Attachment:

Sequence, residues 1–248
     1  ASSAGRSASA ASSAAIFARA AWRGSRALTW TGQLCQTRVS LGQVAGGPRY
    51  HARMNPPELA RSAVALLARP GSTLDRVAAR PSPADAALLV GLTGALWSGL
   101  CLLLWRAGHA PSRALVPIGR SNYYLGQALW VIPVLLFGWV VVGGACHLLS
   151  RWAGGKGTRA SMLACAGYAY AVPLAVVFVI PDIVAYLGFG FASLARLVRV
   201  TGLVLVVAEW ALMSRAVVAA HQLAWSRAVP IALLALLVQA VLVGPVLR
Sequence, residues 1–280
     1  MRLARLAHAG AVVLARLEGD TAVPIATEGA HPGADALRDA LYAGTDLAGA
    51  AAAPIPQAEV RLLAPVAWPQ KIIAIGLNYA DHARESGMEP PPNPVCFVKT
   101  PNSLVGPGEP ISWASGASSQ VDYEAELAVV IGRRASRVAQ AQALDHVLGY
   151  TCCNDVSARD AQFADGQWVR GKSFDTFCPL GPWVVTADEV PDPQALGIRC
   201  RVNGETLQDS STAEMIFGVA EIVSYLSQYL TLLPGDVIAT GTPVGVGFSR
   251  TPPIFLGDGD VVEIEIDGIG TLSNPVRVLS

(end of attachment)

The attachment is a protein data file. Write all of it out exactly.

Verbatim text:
Sequence, residues 1–248
     1  ASSAGRSASA ASSAAIFARA AWRGSRALTW TGQLCQTRVS LGQVAGGPRY
    51  HARMNPPELA RSAVALLARP GSTLDRVAAR PSPADAALLV GLTGALWSGL
   101  CLLLWRAGHA PSRALVPIGR SNYYLGQALW VIPVLLFGWV VVGGACHLLS
   151  RWAGGKGTRA SMLACAGYAY AVPLAVVFVI PDIVAYLGFG FASLARLVRV
   201  TGLVLVVAEW ALMSRAVVAA HQLAWSRAVP IALLALLVQA VLVGPVLR
Sequence, residues 1–280
     1  MRLARLAHAG AVVLARLEGD TAVPIATEGA HPGADALRDA LYAGTDLAGA
    51  AAAPIPQAEV RLLAPVAWPQ KIIAIGLNYA DHARESGMEP PPNPVCFVKT
   101  PNSLVGPGEP ISWASGASSQ VDYEAELAVV IGRRASRVAQ AQALDHVLGY
   151  TCCNDVSARD AQFADGQWVR GKSFDTFCPL GPWVVTADEV PDPQALGIRC
   201  RVNGETLQDS STAEMIFGVA EIVSYLSQYL TLLPGDVIAT GTPVGVGFSR
   251  TPPIFLGDGD VVEIEIDGIG TLSNPVRVLS